Housing prices to increase next year; cheapest room $900 more

The price of the least-expensive room in residence halls will increase by $900 next year as a result of an overall percentage increase in housing costs and the decision to collapse pricing into fewer rate categories.

GW’s Board of Trustees approved a 1.7 percent overall increase in the amount of revenue GW should bring in from room and board costs at its Feb. 10 meeting. Rates for housing were subsequently released by the Community Living and Learning Center late last month and will range from $7,600 to $11,100. Last year, prices ranged from $6,700 to $10,750.

GW Executive Vice President and Treasurer Lou Katz said last week that the University administration makes a recommendation for housing prices each year to the Board of Trustees. He said that one of the reasons the board approves moderate increases in housing each year is because of high demand.

“It’s supply and demand,” Katz said. “For the most part, our housing is almost 100 percent filled.”

Katz also said the administration’s housing prices are based on market housing prices.

“What we try to do is look at what’s happening in the overall housing stock in the area,” Katz said. “We look at the marketplace. We look at changes in our housing. We look at the demand.”

University Campus Housing Director Seth Weinshel said last week that housing rate increases are common each year. While he said that the board approves an overall percentage increase in the total amount of revenue GW can bring in from campus housing, final building and specific rooms are each treated uniquely when determining costs.

“There were increases in many buildings but there were a couple of buildings where there was actually a decrease,” Weinshel said.

CLLC decided to condense the current 129 different room prices into eight fixed prices depending on rooms’ locations and sizes, Weinshel said.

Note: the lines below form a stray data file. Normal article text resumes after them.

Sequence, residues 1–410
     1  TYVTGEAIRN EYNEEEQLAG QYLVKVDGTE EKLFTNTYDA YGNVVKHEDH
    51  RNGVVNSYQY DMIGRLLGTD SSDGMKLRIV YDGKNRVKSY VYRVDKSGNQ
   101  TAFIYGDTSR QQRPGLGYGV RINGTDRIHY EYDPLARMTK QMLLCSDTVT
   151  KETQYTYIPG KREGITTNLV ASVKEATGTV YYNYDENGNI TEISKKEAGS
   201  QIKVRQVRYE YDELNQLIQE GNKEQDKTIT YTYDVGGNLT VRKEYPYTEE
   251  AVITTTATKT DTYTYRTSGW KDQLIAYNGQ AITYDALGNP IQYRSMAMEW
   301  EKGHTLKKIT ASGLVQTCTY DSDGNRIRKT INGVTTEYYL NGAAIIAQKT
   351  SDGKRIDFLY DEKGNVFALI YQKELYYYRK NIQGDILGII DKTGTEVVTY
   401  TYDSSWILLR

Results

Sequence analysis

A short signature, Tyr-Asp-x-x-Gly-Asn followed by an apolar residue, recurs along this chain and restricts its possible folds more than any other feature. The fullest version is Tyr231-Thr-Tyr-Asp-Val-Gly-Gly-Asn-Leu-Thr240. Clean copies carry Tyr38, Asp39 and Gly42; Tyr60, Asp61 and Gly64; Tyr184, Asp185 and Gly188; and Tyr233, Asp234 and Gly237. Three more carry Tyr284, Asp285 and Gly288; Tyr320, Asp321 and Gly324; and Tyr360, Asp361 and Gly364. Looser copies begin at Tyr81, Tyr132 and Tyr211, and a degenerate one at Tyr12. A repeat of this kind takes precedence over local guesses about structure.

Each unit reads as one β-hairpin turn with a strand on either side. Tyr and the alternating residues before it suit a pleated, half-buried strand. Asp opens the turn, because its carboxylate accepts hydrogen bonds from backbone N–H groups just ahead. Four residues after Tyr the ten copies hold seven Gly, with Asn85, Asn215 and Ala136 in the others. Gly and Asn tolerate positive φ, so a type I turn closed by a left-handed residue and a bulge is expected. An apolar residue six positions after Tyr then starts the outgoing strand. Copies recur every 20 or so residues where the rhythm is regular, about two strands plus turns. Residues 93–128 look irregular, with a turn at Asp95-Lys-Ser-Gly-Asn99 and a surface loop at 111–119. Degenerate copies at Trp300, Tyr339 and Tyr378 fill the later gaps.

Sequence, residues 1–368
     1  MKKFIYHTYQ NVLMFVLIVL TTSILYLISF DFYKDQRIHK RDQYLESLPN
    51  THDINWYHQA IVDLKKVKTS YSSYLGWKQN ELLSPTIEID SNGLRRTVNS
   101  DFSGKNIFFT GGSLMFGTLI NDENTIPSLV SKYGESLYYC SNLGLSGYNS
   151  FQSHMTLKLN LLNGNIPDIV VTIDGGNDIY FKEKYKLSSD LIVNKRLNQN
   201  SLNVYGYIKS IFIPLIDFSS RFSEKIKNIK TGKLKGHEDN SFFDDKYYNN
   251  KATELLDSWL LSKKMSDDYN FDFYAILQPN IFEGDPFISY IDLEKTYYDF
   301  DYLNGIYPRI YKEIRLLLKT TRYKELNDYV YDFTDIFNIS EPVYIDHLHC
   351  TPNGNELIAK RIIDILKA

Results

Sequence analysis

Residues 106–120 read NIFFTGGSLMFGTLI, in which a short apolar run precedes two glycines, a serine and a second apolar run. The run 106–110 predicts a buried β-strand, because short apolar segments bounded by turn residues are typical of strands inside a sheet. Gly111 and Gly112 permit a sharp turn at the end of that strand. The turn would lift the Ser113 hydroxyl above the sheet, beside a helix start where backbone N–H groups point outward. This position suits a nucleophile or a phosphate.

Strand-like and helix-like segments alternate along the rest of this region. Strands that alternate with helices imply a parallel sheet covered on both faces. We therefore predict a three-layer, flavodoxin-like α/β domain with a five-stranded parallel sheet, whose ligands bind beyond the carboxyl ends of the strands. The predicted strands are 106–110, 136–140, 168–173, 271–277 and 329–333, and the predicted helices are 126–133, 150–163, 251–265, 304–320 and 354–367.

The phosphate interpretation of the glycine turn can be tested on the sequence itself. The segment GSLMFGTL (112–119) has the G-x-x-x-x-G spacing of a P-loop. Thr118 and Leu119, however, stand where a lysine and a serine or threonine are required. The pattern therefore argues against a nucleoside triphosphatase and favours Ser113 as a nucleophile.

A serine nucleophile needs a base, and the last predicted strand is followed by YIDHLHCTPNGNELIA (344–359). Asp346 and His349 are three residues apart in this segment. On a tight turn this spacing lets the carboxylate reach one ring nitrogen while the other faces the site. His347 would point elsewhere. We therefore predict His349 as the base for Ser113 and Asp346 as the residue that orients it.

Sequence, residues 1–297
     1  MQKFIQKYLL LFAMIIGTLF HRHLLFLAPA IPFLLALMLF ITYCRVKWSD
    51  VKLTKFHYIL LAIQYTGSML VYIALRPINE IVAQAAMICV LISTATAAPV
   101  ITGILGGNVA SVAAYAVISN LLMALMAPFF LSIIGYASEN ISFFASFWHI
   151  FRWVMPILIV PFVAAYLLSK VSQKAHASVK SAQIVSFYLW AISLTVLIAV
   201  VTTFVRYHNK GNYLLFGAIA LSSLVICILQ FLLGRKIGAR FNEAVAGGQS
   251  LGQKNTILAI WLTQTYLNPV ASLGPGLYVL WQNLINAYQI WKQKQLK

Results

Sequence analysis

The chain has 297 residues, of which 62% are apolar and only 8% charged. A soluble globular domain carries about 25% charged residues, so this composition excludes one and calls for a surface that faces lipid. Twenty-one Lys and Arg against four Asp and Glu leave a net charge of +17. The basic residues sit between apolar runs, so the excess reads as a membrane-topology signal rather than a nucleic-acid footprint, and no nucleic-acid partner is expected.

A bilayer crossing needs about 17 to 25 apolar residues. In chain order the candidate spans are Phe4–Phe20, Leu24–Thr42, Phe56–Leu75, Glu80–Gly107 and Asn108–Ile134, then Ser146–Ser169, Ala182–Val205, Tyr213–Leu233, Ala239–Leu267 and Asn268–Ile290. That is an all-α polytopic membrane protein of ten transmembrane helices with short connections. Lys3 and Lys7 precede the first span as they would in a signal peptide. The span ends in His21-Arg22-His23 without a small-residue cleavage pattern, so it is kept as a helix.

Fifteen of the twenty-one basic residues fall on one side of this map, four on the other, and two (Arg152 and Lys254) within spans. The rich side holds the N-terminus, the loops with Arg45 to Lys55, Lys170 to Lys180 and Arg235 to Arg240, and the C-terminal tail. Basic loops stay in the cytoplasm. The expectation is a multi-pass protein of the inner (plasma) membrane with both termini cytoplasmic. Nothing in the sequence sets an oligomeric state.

The eight prices incorporate all possible rooms next year, starting at $7,600 for doubles and triples in Schenley Hall; quads, fives and sixes in Thurston Hall; and doubles, triples and quads in The West End. Housing costs increased in $500 intervals up to $11,100 for singles with kitchens in 1959 E Street, Francis Scott Key, The Aston and International House.

Weinshel said that while the pricing change was a response to the board’s decision to increase housing costs by 1.7 percent, it will also help students understand housing pricing better.

“Last year we had 129 rates and we thought that tended to be confusing for students because we had some rates where in one building the rate was lower than another building when the rooms were comparable,” Weinshel said.

GW has housing rates comparable to those of other market basket urban schools’. Boston University’s Web site reports that for the current academic year, residence hall housing ranges from $6,450 to $11,350. New York University’s room rates are $5,930 to $17,700 for 2006-2007.

However, some GW students said the housing rate increase is excessive, especially with other added costs, including tuition, which make GW the second-most expensive college in the country.

“For how much we pay to attend here, I think the price increase is ridiculous,” sophomore Neema Desai said. “I don’t see how they can justify it.”

Although some students did express displeasure with the rate increase, most said that they plan to continue living in the University’s residence halls anyway.

“I don’t plan to live off campus because I do want to get that college dorm experience,” freshman Marisel Trespalacios said. “I get to live ‘off campus’ for the rest of my life.”

-Katie Rooney contributed to this report.

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